Then came a time when the gods
turned away and hid their face.
The waking people became so desolate
they carved graven images upon their skin
with inks of lurid colors: here was their lover
their mother their favorite novelty character
crawling up their arms or across their backs,
glaringly imprinted there for the duration.
And then the people appeared to each other
as a walking canvas of dreary daydreams
in search of a god so real they could call
their own, their one and only true redeemer.
They bowed six times to their own minds, yet
only the fragrance of perpetual discord wafted
noxiously through their temples, their stadiums,
their own homes, and their electric social media —
their despair not a secret, their confusion complete —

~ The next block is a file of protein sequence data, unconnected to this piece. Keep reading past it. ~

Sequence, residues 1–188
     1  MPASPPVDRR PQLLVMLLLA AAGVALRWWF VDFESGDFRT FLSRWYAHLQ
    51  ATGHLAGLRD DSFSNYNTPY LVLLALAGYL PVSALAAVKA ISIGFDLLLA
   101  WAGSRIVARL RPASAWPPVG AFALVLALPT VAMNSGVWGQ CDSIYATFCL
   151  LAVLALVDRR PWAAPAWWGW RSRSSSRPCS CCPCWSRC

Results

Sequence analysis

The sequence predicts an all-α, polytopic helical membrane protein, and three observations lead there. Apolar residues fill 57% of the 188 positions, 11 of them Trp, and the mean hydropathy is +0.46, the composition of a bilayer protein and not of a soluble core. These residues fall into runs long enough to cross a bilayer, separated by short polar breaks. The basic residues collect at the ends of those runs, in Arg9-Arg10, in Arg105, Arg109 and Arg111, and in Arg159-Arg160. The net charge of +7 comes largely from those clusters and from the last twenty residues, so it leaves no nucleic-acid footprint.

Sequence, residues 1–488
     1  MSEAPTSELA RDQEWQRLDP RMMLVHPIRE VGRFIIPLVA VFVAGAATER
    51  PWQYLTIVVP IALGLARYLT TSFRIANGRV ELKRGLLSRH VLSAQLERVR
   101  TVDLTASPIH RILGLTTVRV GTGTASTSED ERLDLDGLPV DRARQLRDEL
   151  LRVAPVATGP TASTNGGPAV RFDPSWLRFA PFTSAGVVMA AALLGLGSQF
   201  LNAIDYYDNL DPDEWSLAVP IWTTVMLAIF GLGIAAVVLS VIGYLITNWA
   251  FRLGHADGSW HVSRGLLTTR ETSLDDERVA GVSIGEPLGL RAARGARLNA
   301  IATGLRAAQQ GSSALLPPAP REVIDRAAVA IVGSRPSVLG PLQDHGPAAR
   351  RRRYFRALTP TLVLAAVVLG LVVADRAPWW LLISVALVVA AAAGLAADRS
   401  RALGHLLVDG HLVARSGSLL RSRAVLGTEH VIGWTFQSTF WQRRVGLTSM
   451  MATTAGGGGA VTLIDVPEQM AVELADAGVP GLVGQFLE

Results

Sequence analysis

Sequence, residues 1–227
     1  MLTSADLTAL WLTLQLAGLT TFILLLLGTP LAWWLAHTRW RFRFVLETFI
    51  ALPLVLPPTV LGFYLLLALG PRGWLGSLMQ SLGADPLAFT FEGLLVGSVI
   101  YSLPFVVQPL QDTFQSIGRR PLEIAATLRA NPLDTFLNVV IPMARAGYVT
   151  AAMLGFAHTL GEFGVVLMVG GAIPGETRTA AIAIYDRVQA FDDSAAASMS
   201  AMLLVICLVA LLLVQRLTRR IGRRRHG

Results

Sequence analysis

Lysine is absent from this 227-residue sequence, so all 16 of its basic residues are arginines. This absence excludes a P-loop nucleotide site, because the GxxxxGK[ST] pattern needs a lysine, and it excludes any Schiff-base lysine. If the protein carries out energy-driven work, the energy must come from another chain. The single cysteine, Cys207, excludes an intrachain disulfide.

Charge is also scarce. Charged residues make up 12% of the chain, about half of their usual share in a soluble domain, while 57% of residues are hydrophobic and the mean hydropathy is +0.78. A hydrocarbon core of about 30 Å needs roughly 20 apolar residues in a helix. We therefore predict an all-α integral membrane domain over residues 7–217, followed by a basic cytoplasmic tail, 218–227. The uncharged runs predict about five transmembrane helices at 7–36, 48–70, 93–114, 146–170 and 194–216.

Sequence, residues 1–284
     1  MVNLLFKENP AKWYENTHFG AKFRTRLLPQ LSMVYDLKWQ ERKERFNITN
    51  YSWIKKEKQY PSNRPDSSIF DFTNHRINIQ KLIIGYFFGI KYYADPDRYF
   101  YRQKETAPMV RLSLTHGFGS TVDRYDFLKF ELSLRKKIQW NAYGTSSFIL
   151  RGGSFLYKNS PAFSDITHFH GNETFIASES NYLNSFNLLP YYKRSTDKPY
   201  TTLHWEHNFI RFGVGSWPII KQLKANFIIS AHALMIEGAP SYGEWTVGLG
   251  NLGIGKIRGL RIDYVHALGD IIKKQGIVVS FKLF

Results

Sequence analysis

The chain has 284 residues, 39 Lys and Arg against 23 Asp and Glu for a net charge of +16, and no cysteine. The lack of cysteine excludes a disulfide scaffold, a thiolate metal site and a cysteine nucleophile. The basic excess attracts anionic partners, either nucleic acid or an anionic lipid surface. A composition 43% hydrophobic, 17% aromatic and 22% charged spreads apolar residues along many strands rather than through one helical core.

they waged war with themselves in their mirrors.
(The sleeping people did not stir, they communed
in silence with the gods in their private domain
and knew it was not yet time to awake.)
The world above the dissolving dead had become itself
a bewildered place where the waking people pierced
their skins with metallic rings and needles and yet
could find no lasting relief from their thoughts.
They slipped their hands into each other’s emptiness,
their eyes an advertisement for apathy, their quest
for longevity defeated from the very outset
by the poisons they fed each other.
Into this dark and lonely realm we were born,
but we refrained from self-mutilation and instead
planted seeds of melon, squash, and blueberry.
We didn’t care to hear the old god stories,
they seemed so human in the end.
We were not awake, we were not asleep,
we were not anything with a name or form,
we liked it that way, and so we walked out
into the new gardens and harvested a happiness
that did not depend on turning towards or away.
We devised no feared enemy to defeat, choosing instead
to live in peace, and the gods smiled down, bird-like,
from their godly perch on a branch of the tree of life,
where new leaves flowered into light, and the dark
old world became, in this way, just a little brighter.